Once we go through the lengthy process of composting, we reach another challenge – how do you store it appropriately?
This comes with its hurdles because, if it is stored improperly, the compost can go bad. This would be a waste of a lot of effort, time, and materials. Let’s find out how to store compost!
Why Storing Compost Is a Challenge
Making compost is an environmentally responsible way of disposing of your kitchen waste and garden trimmings.
However, you might find yourself in the position of having to store the compost over a longer period of time, especially if you do not need all of it right away.
The main challenge comes with the realization that compost can certainly go bad if it is not stored accordingly.
This means that your nutrients will get lost, the pile might start rotting, or there will be excessive fungi. As a result, if you have compost and you plan to use it another time, you must provide proper storage.
How To Store Compost
First of all, it is worthwhile to mention that you should add 1-2 inches of compost to your soil each year.
This can work wonders for all of your plants and trees.
After that, you should seek to store the leftovers.
One easy way to differentiate is on the basis of how long you want the compost to be stored – short term, for a slightly longer time or much longer (3+ months).
Let’s look at them one by one –
Generally, storing compost for a short time should not be challenging.
The only thing you need to ensure is that the compost is not subject to extreme weather conditions, such as high humidity and massive rainfalls.
If this is the case, you can cover the pile to stop the water from getting inside and remember to turn it now and then to make sure it remains well aerated.
If you want to keep the compost for the next few months, you need to protect it against rainfall.
This is particularly relevant if there is an expected rainy period at some point. You can do so by covering it with a tarp.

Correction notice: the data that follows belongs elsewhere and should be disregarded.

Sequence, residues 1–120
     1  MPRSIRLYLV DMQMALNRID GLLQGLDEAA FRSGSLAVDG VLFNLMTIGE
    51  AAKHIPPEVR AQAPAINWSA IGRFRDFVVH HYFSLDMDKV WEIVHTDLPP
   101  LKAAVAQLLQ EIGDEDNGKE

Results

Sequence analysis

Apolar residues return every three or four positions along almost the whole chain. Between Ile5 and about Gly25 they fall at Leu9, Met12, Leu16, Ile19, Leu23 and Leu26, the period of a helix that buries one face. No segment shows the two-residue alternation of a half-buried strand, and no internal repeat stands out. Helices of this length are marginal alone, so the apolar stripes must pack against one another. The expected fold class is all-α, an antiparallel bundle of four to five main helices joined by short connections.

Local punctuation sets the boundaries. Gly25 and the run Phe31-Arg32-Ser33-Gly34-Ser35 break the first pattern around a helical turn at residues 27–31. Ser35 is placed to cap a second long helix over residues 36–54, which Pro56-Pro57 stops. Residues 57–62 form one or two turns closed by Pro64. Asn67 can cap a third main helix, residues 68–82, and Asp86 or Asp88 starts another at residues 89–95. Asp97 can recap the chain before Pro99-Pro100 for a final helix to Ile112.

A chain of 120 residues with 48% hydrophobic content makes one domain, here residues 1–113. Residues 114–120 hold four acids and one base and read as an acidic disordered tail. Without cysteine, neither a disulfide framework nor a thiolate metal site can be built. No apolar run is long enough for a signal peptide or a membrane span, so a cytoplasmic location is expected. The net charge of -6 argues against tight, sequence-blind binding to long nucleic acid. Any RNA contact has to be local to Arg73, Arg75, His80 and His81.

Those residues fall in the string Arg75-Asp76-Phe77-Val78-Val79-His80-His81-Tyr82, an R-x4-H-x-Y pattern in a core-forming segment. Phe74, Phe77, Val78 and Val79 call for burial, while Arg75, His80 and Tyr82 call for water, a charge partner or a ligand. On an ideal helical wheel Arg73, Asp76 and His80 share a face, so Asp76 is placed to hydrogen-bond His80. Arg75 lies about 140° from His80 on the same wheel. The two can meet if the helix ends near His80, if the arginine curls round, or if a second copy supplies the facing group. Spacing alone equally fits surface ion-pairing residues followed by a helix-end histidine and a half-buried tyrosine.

Then, add stakes in the same way that the tarp is placed over the compost.
This protects the heap against adverse weather conditions, and it also ensures that there is enough oxygen passing through the compost.
If your compost needs to be stored for more than 3 months, then you might need a different approach.
For instance, when the compost needs to be kept through the winter, you need to concern yourself with protecting the heap from the moisture in the ground while ensuring constant airflow.
To do so, the compost needs to be stored in a walled facility, such as a barn, shed, or garage.
How To Store Finished/Fresh Compost
If you have finished compost, you can simply leave it on the ground for a short period of time.
If this is not ideal, you could search for a sheltered area where it is protected against high humidity and excess moisture.
You also want it to be exposed to worms and insects, as these will make it better.
If you have fresh compost, all you can do is place it in a plastic bag or a garbage can.
These are quite accessible and practical, and there’s nothing much to do apart from turning the pile periodically.
Make sure the plastic bag or the container is loosely open or has holes on the top or the sides to ensure the flow of oxygen.
Here’s a video showing you how to store your finished or fresh compost:
Storage Options For Compost Tea
If you have a pile of compost tea, the good news is that this can be stored much easier than other types of compost.
You can place it in a sealed container for up to one week. A longer period might require extra aeration.
Some examples include a canister that has a blubber stone, or you could use an aquarium pump. Both of these encourage aeration.
Overall, compost storage depends on the length of time you need to store it.
Short periods should not be worrisome, as most, if not all, compost will remain fresh and retain all of its nutrients for a few days or weeks.
If you need to store it over the winter or for a longer period, you should seek a walled facility, such as a barn or garage.